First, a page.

Being a successful hunter for some is the ability to get their game into shooting range. For some wildlife species, a fail-safe plan must be followed in the strict sense to get the opportunity to close the deal. For deer, squirrels and turkeys, having a firm rest and a steady trigger finger are the tricks of the trade. But for ducks, doves and other feathered, flying creatures, a high-level of skill is needed to bring home the protein. With the arrival of duck season in a few weeks, it’s a perfect time to practice at the local sporting clays range.
Every year, hunters look to kill a nice buck to add to their trophy collection and to put a load of fresh venison in the freezer. And every hunter looks to supplement his venison stock and control his local deer herd with a handful of doe harvests as well.
Filling an alligator tag is a dream come true for many South Carolina sportsmen — filling 3 on the same outing is nothing short of incredible. But, that's exactly what happened for Buck Koon of Gilbert, SC and Jason and Amy Kirkland of Leesville, SC. On opening day, Sept. 9, they set out on Santee Cooper’s Lake Marion and got the job done with a 9, 11, and a 12-foot gator.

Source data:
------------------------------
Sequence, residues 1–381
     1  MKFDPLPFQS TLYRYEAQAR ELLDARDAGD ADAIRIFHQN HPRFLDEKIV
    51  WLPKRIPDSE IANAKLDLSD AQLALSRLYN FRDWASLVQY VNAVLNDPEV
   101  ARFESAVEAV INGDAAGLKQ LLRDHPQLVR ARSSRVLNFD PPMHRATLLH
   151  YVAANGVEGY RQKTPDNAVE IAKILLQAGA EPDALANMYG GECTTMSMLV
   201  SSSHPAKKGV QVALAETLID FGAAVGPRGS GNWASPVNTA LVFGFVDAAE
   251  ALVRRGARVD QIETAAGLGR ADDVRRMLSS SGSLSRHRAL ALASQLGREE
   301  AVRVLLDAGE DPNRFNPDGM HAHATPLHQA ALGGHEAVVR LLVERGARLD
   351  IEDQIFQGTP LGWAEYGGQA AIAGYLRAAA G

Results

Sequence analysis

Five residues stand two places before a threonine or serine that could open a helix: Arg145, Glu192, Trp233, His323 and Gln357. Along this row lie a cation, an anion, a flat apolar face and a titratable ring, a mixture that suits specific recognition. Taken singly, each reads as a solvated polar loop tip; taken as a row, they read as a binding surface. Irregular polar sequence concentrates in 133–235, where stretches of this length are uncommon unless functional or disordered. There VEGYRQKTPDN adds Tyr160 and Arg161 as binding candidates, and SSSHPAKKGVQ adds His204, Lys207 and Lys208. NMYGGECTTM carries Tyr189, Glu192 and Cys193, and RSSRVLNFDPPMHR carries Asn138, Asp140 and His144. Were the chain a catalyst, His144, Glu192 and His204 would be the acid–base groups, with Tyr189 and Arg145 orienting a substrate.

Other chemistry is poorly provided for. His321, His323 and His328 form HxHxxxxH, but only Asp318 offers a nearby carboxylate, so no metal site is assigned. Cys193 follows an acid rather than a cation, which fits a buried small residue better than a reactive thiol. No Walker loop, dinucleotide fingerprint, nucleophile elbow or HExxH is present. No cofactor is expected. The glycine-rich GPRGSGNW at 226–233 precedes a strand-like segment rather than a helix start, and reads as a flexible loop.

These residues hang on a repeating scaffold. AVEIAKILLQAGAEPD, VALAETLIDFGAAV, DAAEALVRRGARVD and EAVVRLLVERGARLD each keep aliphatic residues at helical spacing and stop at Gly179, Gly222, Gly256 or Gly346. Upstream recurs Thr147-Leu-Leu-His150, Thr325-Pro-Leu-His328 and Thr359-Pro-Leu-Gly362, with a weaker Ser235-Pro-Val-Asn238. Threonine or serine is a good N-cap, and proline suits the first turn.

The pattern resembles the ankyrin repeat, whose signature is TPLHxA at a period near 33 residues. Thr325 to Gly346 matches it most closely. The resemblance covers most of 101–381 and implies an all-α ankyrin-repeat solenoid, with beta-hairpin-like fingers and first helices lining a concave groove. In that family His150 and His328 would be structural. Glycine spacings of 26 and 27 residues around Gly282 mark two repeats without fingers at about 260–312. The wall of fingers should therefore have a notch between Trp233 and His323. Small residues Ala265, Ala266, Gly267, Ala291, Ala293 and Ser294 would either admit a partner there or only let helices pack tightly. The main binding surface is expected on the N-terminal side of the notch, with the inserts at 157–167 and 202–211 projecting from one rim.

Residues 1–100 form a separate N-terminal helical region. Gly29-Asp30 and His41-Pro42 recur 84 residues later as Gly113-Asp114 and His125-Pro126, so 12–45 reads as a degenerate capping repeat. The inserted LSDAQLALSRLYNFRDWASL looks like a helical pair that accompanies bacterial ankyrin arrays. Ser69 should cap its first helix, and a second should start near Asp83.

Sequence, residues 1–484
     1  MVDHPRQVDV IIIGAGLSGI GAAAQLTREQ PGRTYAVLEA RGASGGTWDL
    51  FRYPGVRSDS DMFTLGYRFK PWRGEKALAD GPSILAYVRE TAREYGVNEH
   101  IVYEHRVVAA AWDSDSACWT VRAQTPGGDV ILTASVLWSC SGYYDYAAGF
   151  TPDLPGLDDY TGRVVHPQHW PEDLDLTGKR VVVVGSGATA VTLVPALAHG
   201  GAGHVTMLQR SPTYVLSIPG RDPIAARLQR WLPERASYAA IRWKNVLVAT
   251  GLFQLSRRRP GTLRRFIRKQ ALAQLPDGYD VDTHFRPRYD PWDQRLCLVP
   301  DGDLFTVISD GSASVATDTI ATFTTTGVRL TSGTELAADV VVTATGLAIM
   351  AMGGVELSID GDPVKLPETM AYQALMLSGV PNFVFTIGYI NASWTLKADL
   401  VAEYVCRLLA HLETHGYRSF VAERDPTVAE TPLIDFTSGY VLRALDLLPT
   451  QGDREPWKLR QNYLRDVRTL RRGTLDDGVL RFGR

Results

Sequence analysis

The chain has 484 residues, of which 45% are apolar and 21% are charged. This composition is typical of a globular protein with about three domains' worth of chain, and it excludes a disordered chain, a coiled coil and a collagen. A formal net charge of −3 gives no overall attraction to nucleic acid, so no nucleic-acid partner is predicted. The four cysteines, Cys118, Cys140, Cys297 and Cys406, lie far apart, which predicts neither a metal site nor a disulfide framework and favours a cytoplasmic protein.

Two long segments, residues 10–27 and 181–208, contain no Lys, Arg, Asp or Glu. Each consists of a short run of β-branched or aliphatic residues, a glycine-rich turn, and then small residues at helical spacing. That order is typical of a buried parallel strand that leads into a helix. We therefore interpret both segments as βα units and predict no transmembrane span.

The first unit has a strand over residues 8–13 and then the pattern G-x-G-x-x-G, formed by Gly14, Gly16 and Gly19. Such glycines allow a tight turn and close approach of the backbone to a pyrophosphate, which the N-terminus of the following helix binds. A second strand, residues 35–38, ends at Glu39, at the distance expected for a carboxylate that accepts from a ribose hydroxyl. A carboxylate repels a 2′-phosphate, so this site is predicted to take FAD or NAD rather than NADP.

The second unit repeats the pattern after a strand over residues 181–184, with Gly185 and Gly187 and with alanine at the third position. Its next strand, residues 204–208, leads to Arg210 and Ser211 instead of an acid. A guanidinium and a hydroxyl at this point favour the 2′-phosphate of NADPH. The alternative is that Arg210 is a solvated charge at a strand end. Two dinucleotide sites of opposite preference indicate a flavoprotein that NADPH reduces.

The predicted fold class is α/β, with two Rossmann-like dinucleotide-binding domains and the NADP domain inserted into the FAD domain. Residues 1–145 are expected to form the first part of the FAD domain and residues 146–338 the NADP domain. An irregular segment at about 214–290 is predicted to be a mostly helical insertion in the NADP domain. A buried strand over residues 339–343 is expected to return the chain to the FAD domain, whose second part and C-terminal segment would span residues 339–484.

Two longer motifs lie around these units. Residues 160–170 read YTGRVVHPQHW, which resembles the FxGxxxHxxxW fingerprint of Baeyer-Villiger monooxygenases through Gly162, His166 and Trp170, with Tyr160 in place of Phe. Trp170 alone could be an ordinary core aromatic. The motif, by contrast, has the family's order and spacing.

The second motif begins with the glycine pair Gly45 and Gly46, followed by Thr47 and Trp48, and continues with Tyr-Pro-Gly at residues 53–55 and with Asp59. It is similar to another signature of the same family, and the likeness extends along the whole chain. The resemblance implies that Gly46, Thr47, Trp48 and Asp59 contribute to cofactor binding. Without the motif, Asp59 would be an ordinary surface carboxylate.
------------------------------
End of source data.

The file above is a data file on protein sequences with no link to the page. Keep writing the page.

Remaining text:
For two years, Ben Anderson and Levi Tussey kept tabs on a huge non-typical buck on their Forsyth County hunting land. But this wasn’t just any buck. It was a gnarly-racked beast with four main beams, 22 scorable points, and a 14-inch drop tine extending down past the deer’s face.
Jon Schutte had a proud moment in the outdoors last week. But it’s not because of anything he did. It’s because his wife killed her first deer, and it was a good one. The 220-pound, 8-point buck she killed in Horry County put an end to a lot of bad luck for his wife Marti, and proved that perseverance pays off.
Holden Poole of Gaffney, SC was already noticing fresh scrapes and rubs near a bumper crop of acorns on his 100-acre lease, despite the balmy, end of September weather. So, when his hit list buck failed to show up at his feeder station, he switched gears to this location, and arrowed the 215-pound Cherokee County 9-pointer on Sept. 26.
Just before dark on Oct. 3, Chad Thousand of Greensboro, N.C. arrowed one of the biggest deer of his life; a 173 2/8-inch monster 15-point buck. Thousand first captured this buck on camera on one of his hunting properties during the late summer season. But as the season approached, the deer disappeared.